I suspect there is a lot of intersectionality at play here. One, I’m a junior junior scholar. I do not get to ask big questions without the institutional patronage of peer review, an adviser, or a senior colleague. More than a few commenters bypassed anonymous commenting to include their titles and institutional affiliations. It was a message about the power differential between us. In the event that I had forgotten my place, they wanted to remind me.
I got out of pocket.
Two, I’m a black woman. I asked a question about race while black so I must have some vast conspiracy to discredit white women and feminism, as one commenter argued. I must, because my interests and curiosity are surely, inextricably grounded in a particular narrative of blackness that bubbles as an undercurrent just below my every thought, action, and intent. I am black feminist Django on a revenge quest. I am either in step or I am launching an attack. Those are my options.
I got out of pocket.
Three, I was angry and I was not angry. This one I would lose no matter which way I went. Other articles examined experiential awareness of the feminist response to The Onion’s tweet about Quvenzhané. I respected that experience – shared it even – but I wanted to use a different kind of data. I do not propose a hierarchy that puts numbers ahead of lived reality. Experiential and observable data inform each other. However, I went in another empirical direction.
And that really pissed people off. There are several references to my deliberate focus on white feminist media organizations. According to some, I used that decision to write poor women and Arab women and other non-powerful white women out of feminism. I was clear about why I focused on media organizations. I’m an org theorist. I get into media. I like the two of those together. Angry detractors sent me google search results for “feminism” and “Quvenzhané,” saying I did not look for these responses because I have an agenda. In fact, I did not do an analysis of blog hits in a general google search because that would take more time than I dedicate to blog posts. It also wouldn’t answer the question as it would only return results of feminist media and bloggers that did respond. It would not capture the extent of response and non-response, which was what I was interested in. Further, for a quick analysis I think that mainstream organizations are a good proxy for the allocation of resources.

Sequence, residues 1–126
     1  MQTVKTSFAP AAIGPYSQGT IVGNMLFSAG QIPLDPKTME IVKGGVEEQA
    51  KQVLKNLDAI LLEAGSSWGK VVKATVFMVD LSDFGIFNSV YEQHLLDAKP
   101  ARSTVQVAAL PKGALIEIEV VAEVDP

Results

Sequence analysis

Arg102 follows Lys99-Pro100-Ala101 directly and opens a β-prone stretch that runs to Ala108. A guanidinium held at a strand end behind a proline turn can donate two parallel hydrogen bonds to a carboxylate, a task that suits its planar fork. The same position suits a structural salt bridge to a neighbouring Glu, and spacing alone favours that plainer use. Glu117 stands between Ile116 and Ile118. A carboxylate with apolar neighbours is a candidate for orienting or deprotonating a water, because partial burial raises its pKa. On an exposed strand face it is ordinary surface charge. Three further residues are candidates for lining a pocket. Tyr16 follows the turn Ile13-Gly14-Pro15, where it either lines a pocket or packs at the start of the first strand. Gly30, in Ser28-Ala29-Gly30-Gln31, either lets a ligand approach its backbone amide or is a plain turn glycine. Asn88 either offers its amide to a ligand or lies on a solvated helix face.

Still, it struck many people that my empirical approach must be cynical. The idea was that I do not get to decide that feminist media organizations are important sites of inquiry. I can be angry with amorphous “white feminists” but when I start asking concrete questions about how some actual white feminists did and did not devote observable organizational resources to the coverage of a current event featuring a black girl, I am the wrong kind of angry.
I got out of pocket.
As I posted in a response to the many angry commenters, I do not have the resources to make the argument that race matters. I also wouldn’t have the resources to convince you that the sky is blue and not purple. Like blue skies, I thought the idea that race matters is a pretty pedestrian argument at this point. Of course race would matter when the subject is an attack by a white media organization on a little black girl. Of course it would. I thought that went without saying.
And I was right.
It does go without saying when you are not allowed to say it.
I took the comments from scholars to heart as I respect collegial knowledge production and community. You told me I have a secret agenda, a racist ax to grind to pay my bills, and some nerve asking questions I want to answer. Thank you for the feedback. As Eduardo Bonilla-Silva said in the preface to his fourth edition of “Racism without Racists,” you let me know that I am on the right track.
It must be the right track because there is a long history of the wrong people asking the wrong questions at the right time.
The critique has been painful. The attack on my ethics and intentions have been particularly so. I won’t even talk about how it feels to hear it from black women scholars. But, there are many others who engaged the content as I presented it. They did not all agree with me but they also did not attack my right to interrogate the subject.
In the final analysis I decided that if I am not supposed to talk about race in feminist circles then talking about race in feminist circles must be the exact right thing to do.
I just won’t do it in Women’s Studies.